You mention hospital admissions, but please have a look at what the government constitutes a "patient admitted to hospital" case - these numbers are not indicative of reality. They are grossly inflated.
https://coronavirus.data.gov.uk/details/healthcare
It's all here, hidden in plain sight.
"England data include people admitted to hospital who tested positive for COVID-19 in the 14 days prior to admission, and those who tested positive in hospital after admission"
So I could walk into a hospital with a migraine, COVID free, then catch COVID in hospital and I would be recorded as a "patient admitted to hospital with COVID".
Similarly, I could test positive for COVID at home, recover (as do 99%+), then walk into hospital with a migraine within 14 days of the positive test, and again, I would be recorded as a "patient admitted to hospital with COVID".
Finally, someone who isn't ruled by emotion and hasn't been hoodwinked by phony data. I can't wait until they actually analyse who was genuinely ill and who actually died from Covid as the sole reason. I think some people will be in for a shock. Remember 2020 is not a remarkable year in terms of deaths based on population...just let that sink in.

My sceptical view on this started when the news was showing pictures of the hospitals in northern Italy about 20 months ago. I found out that it's like that every year in that area. It was the same with our hospitals over winter, made to look worse by a massive shortage of beds and staff.

We've been sold a pup but not many in the public eye dare say anything because they would be deemed cruel and callous by the permanently offended.

People die in their thousands every day, 10s of thousands a week, 100s of thousands a year. We can't prevent the death of all elderly and ill people. The arrogance of trying to control a virus is beyond contempt.
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Just because we can’t prevent death Doesn’t mean that no action should have been taken with a new deadly virus. One that at the beginning was killing people, yes the majority of those being elderly or with a medical condition but that Dosent mean we should just ignore it and let it get worse and worse. 
 

The point on Northern Italy I’m not sure on. A work colleagues grandparents live in Northern Italy and they had never seen scenes like it. 
 

There is no arrogance in trying to control a virus. I’ve got absolutely no idea what your point is here? That’s like saying the arrogance of the human race for trying to find a cure to cancer. It’s something that whether you think the stats are overplayed or not, has killed people and has wrecked thousands of lives.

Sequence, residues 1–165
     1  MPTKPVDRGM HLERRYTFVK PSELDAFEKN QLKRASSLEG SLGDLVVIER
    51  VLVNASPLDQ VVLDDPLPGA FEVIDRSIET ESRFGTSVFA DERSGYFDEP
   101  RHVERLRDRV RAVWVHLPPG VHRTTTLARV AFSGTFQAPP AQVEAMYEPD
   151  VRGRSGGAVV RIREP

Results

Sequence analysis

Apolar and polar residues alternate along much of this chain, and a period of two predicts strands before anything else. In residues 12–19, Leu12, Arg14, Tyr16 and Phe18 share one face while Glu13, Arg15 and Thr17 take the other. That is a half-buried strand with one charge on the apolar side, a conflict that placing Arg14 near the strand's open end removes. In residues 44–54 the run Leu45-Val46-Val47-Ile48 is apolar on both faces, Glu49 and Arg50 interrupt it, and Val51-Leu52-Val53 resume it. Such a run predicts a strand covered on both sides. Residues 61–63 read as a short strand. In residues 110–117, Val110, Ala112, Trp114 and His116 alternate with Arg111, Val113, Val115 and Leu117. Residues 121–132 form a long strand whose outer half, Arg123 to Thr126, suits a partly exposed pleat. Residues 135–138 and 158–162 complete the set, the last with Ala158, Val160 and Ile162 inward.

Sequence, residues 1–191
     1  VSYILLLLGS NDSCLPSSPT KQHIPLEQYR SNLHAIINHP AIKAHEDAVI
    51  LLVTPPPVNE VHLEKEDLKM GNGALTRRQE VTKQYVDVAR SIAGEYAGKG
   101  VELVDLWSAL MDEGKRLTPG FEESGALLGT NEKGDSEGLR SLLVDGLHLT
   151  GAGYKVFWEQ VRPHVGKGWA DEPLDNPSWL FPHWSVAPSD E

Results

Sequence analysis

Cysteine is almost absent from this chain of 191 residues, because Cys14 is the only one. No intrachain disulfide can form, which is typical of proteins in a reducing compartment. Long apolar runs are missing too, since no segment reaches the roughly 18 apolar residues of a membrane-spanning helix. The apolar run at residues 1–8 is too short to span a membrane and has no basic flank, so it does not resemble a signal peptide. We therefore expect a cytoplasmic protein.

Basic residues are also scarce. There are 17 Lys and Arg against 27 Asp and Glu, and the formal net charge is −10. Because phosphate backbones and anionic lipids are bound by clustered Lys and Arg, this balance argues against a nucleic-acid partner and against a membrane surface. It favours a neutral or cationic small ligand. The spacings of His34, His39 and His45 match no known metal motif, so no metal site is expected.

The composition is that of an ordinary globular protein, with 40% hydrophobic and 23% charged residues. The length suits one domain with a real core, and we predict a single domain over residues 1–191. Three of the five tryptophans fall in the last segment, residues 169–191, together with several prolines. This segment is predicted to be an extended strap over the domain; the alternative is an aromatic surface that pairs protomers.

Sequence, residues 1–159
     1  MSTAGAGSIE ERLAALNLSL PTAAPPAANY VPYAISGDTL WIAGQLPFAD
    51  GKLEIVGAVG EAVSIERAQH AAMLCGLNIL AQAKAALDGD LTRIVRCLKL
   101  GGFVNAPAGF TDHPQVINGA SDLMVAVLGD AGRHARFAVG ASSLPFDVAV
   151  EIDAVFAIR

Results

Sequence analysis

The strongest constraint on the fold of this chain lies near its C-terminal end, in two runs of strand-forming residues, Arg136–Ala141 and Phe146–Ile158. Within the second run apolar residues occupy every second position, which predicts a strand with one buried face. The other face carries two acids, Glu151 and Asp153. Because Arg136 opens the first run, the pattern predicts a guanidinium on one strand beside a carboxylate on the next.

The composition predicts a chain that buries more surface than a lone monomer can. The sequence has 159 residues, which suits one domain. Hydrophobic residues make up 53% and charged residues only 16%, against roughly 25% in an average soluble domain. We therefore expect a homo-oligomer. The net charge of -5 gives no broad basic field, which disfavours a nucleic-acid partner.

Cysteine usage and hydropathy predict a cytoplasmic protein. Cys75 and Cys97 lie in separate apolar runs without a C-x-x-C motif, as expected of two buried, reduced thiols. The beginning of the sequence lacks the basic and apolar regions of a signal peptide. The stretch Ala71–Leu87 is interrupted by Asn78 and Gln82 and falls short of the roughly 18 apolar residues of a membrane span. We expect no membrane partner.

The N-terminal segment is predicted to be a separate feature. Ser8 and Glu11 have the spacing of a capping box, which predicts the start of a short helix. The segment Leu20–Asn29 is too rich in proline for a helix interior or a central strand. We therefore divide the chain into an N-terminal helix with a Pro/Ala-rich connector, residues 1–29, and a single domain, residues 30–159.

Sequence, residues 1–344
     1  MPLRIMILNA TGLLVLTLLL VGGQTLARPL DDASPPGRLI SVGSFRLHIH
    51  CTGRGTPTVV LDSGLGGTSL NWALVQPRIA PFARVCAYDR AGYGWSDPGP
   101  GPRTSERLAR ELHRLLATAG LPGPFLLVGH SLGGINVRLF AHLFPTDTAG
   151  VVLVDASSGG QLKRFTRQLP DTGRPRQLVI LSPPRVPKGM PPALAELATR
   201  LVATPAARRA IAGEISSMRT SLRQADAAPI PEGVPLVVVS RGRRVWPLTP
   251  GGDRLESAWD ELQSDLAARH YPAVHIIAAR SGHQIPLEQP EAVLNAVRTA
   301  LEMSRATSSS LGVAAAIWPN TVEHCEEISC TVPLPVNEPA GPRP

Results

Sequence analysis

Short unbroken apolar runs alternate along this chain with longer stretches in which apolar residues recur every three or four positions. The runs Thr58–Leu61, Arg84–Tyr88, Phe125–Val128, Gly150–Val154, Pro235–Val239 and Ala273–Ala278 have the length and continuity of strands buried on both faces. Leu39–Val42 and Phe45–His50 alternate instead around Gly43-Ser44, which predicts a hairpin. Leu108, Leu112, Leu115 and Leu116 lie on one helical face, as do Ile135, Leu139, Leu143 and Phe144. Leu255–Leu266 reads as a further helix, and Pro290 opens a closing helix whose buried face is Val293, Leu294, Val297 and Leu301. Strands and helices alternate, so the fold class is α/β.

If we had done what suggest and essentially let nature take its course I imagine there would be a hell of a lot more deaths than there currently are. Not just from covid but literally every other illness as the hospitals wouldn’t be able to cope. 
 

I do understand people die of different things every day. But how many of those were contagious? This could, if not acted upon have been a disaster. 

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2 hours ago, valeparklife said:

Your definition of "not crazy" is that locking down entire cities for 1 case, and shooting innocent dogs are perfectly acceptable behaviour. I think that speaks volumes.

You are incorrect, again, as the article I posted clearly states that a city of 460,000 was shut down because of ONE case. I wasn't talking about the entire country which is what you brought up. To shut down entire cities because of ONE case is utterly irrational and extremely cruel to the physical and mental heath of it's residents.

I will agree with you on one thing, any death is a tragedy to the family, but I hate to break this news to you - people don't live forever. People die every day.

But people also want to live their lives too, and not be subjected to inhumane lockdowns and forced medical trials. Especially not for a virus with a 99%+ survival rate.

You mention hospital admissions, but please have a look at what the government constitutes a "patient admitted to hospital" case - these numbers are not indicative of reality. They are grossly inflated.

https://coronavirus.data.gov.uk/details/healthcare

It's all here, hidden in plain sight.

"England data include people admitted to hospital who tested positive for COVID-19 in the 14 days prior to admission, and those who tested positive in hospital after admission"

So I could walk into a hospital with a migraine, COVID free, then catch COVID in hospital and I would be recorded as a "patient admitted to hospital with COVID".

Similarly, I could test positive for COVID at home, recover (as do 99%+), then walk into hospital with a migraine within 14 days of the positive test, and again, I would be recorded as a "patient admitted to hospital with COVID".

Not disagreeing with you last few paragraphs, it’s been that since the start of the pandemic. People who died of a heart attack may have covid on their death certificate. It could have contributed though?